This story is not new in El Salvador, but I can't find any record that any English language blog or news source has covered it.
On June 8, 2009, Congressman James McGovern of Massachusetts wrote a letter to newly inaugurated Salvadoran president Mauricio Funes. After extending his congratulations to Funes on ascending to the presidency, McGovern turns to the question of weaknesses in the investigation of high profile criminal activity in the country. In particular, the Congressman asks Funes to turn his attention to three cases. Congressman McGovern requests that Funes "seriously consider":
1. A more vigorous investigation of the murder of Katya Miranda that includes an investigation of Mr. Godofredo Miranda's alleged cover-up of this heinous crime;
2. A re-examination of the alleged suppression by Mr. Godofredo Miranda of evidence against the Perrones Gang brought by the Costa Rican government in an effort to curtail drug trafficking through Central America;
3. Directing the Justice Ministry to open and pursue an investigation into the probable culpability of lower-level members of the Perrones Gang in the November 2004 murder of Gilberto Soto, an American Teamster labor organizer in Usulutan; and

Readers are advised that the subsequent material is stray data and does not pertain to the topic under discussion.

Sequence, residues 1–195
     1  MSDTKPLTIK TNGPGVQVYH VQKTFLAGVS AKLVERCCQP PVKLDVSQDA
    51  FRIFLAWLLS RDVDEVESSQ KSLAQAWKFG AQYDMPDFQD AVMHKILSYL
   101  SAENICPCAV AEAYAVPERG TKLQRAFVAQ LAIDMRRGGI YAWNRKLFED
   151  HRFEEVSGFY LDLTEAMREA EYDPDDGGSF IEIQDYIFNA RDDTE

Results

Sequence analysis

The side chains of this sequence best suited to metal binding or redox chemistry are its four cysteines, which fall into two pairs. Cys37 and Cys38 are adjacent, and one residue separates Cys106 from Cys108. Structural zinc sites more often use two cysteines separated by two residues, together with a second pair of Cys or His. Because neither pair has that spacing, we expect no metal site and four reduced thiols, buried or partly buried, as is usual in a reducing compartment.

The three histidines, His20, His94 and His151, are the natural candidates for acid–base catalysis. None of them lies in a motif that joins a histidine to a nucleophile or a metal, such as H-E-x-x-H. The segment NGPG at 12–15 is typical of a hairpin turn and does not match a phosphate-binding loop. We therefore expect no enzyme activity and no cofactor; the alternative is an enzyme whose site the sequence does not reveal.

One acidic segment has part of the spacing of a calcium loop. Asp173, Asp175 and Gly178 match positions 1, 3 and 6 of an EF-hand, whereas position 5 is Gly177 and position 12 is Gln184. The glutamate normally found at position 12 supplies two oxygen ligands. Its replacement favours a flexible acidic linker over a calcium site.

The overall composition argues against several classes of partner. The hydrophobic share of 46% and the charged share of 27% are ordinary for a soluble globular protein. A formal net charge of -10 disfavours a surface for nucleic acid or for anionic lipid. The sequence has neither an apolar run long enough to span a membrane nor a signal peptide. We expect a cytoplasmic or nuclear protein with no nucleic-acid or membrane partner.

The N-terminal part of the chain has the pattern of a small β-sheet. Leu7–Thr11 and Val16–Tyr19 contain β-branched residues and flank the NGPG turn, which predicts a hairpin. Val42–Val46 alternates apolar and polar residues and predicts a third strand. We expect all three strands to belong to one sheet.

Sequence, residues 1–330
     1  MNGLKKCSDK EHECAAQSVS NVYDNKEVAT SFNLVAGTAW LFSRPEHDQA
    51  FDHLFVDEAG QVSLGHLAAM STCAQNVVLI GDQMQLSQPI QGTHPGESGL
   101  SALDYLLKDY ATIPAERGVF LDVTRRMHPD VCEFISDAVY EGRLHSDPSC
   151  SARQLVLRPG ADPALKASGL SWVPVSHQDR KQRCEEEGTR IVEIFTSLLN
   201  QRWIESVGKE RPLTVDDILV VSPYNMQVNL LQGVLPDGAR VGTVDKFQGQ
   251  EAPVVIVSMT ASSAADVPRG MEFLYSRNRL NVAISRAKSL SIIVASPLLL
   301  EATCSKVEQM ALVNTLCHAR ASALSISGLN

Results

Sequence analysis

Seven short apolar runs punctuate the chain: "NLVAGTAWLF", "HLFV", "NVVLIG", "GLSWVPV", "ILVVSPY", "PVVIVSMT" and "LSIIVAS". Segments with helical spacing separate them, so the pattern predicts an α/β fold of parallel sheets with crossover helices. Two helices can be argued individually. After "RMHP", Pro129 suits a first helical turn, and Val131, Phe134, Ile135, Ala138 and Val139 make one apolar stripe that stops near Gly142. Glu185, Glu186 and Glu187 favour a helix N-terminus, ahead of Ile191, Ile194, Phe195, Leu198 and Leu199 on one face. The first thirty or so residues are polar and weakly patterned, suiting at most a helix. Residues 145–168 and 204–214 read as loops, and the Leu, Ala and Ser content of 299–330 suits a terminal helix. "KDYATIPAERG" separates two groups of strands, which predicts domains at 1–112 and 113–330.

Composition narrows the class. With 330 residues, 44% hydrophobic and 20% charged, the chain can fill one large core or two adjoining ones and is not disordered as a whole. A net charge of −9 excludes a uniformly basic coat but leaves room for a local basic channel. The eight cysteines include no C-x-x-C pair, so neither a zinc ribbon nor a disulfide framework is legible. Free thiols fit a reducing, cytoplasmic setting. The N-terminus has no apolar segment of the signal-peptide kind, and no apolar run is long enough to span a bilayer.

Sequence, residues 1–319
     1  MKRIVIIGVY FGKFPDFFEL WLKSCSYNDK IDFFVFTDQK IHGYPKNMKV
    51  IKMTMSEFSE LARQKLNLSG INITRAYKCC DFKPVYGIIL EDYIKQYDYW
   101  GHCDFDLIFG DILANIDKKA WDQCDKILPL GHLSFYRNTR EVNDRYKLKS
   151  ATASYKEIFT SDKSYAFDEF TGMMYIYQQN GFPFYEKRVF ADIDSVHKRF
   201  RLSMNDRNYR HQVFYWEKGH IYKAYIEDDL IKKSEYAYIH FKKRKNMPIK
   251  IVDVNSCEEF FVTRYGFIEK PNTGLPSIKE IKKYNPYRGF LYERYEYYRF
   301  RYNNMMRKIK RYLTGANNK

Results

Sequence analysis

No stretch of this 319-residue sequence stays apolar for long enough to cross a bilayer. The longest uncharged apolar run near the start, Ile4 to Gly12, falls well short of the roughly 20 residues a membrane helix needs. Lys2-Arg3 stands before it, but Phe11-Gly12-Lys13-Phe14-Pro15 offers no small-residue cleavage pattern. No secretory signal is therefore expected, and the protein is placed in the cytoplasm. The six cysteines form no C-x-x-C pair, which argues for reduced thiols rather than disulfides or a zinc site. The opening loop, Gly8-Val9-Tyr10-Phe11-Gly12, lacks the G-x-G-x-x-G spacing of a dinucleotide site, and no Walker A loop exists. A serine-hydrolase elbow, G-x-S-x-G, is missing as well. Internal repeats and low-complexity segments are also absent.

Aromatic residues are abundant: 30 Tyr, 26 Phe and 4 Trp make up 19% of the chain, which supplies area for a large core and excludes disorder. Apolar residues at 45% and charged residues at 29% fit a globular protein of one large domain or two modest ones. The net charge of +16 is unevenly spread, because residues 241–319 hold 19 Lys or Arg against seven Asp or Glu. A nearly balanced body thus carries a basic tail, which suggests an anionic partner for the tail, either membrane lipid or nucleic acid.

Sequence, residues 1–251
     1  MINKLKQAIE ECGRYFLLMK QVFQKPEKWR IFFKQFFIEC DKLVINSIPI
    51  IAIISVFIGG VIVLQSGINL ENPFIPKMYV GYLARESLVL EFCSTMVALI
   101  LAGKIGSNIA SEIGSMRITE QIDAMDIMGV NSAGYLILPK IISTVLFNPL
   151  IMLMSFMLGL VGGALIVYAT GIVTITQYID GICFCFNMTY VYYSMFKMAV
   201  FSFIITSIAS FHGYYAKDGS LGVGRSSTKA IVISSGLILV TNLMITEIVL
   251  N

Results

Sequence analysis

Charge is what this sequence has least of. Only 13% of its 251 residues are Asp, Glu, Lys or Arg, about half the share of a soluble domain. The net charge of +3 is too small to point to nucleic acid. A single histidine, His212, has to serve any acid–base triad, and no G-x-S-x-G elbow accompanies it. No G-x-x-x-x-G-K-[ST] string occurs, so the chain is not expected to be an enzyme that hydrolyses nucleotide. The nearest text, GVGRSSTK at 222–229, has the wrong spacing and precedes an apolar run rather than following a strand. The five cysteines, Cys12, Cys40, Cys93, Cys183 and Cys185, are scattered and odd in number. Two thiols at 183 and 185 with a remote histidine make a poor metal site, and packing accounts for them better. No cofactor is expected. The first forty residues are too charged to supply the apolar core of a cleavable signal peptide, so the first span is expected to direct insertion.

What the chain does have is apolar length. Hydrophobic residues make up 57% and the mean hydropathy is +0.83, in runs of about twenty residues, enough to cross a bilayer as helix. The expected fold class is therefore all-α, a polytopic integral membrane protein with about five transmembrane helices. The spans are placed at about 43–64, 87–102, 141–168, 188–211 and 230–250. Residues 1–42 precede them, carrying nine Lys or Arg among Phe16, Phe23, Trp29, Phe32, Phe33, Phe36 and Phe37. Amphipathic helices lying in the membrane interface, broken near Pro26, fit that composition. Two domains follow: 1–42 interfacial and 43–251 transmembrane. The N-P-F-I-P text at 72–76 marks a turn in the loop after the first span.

4. Expanding the investigation of top-level Perrones Gang members who are currently in jail for drug trafficking and who arc allegedly still involved in moving drugs across borders and money laundering.
The police official mentioned, Godofredo Miranda, was the head of the anti-narcotics division of the National Police until he was removed from the position in December 2008. He is also the uncle of Katya Miranda. Godofredo Miranda, who is now a police official in Chalatenango, has blasted Congressman McGovern in statements to La Prensa Grafica, denying there is any evidence for McGovern's charges.
A year ago, I pointed out a column written by Ernesto Rivas-Gallont, who had suggested back then, the possible link between the Soto murder and the Perrones drug-trafficking ring.
It's a regular theme in this blog -- the lack of credible investigations by El Salvador's police and prosecutors makes impunity possible and leaves major questions in high profile cases for years to come.